My feet are in the mud but my head is in the stars. The other night I took the airs and looked down. A wallaby was keeping me company. The same wallaby is eating everything that I plant. But he is my friend.
•Sigh• I guess I need greenhouses.
But first to establish a mooring for my yacht.
Manuka honey is looking very promising. It sells for an fortune because of its anti microbial properties.
Where I live is just astonishingly beautiful.

You may find what we are doing of interest.
Jeff Oslin
MOE Farms
Knox County, Texas, USA

I am told that the cure for wallaby infestation is to tie inflated balloons smeared in peanut butter around your garden.

Chris you’ve said It before we need a new story. I don’t think we can get to that story while carrying the baggage of the Abrahamic religions that got us to the state we are in today. I love your website and podcasts but couldn’t get through this one.

I don’t think I learned anything from this. Sounds like two guys sitting at a bar hashing out the state of the world and after all is said and done more gets said than done. Disappointing

thanks for the heads up ghost. i never cared much for joes self congratulatory, us vs them shtick. i’ll skip this one.

Just because the Joel takes an occasional quote from the good book and bemoans the condition of the current society we find ourselves in, doesn’t mean his contextual.observations need to be rejected out of hand. I muddled through the interview with some mixed feelings, but came away with a profound identification with this: We live in a world rife with discontent because we have found ways to make the world work for us at the expense of something or someone else. If everything is at your fingertips and you manage to garner large profits by using other people’s money,without, reinvesting some of it back into those “externalities” we so often take for granted, what do you suppose the result is? You can pay me now or pay me later or, perhaps, pay as you go as Joel suggests. If the current condition of the US and other “good ole days” countries doesn’t scream “entitlement”. I don’t know what does. A recent storm knocked the power out at my place for about 24 hours and many were distraught that it took so long for things to get back to normal. Perhaps we need to few more New Orleans or Hurricane Sandy’s to refocus our preoccupation off of convenience and on things that really make a difference. Beautiful day and the bees are flying and making honey and I’m out the door to go and shovel chicken shit.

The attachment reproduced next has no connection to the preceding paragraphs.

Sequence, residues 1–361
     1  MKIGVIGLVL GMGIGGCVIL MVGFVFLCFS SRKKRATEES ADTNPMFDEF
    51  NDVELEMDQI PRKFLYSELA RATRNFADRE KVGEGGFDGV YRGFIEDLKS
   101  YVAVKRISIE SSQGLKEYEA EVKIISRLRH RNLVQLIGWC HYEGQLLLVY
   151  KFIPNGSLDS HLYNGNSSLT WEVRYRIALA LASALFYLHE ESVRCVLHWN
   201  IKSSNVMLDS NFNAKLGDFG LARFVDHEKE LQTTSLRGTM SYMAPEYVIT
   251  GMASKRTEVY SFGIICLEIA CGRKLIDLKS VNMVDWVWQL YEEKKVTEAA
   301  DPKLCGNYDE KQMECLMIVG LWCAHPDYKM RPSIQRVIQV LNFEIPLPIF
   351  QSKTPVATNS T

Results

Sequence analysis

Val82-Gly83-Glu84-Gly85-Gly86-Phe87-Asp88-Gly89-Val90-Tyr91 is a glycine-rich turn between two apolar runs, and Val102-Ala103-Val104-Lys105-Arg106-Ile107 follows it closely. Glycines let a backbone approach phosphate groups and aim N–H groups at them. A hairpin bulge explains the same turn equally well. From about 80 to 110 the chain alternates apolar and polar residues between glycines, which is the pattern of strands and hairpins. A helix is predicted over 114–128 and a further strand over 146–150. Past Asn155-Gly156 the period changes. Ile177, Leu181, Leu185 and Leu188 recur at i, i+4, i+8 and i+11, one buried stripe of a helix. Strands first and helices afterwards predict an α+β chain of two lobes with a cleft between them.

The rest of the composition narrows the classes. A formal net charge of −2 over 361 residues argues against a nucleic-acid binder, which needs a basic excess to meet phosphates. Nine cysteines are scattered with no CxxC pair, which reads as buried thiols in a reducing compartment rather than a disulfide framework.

Joel tied some biblical passages about Stewardship of the earth to healthy eating and living. Never did he say that anyone had to adopt his belief system. If he can demonstrate the value of clean living, organic practices, and decentralized agriculture to a huge population by speaking their language, he has made another great contribution to our society. I have visited Joel’s farm and there is no bull shit. Just hard work and a unique legacy he has given to us.

I am basically an atheist and I don’t see any need for religion or “spirituality” to justify my love of earth and desire to participate in the dance of Mother Nature’s gifts and stewardship of the Garden. For me logic is enough to create an ethic to live by that we should not harm any living system. It is simply logical to see that it is wrong (sinful) to harm the life providing water, air or soil or animals or plants with pollution or degradation. It makes no sense to spoil your own nest. No other animal would do that. So for me I don’t need a new way of being - my logical abilities are already pointing me to the way of protecting the earth and all it’s creatures. But I am nonetheless encouraged when I see people such as Joel who is a professed Christian come to the same conclusion. I really don’t care what people’s motivations or religious beliefs are. I have a number of Joel’s books and have heard him speak several times and always find him so inspiring. Especially since he believes that the government doesn’t have to help - but rather they just need to get out of the way. I agree with that. So I enjoyed this podcast. It’s exciting that someone who holds to traditional Christian beliefs can join with a permaculture atheist in the same worldview on ecological health. It’s people like him that allow me to retain hope that we can eventually turn around the chokehold of corporatism and return to getting some of our wealth through a healthy world of abundance. And it’s probably going to come from a bottom up approach where we aware people just set up a parallel world. Joel has influenced many people to do that and good for him.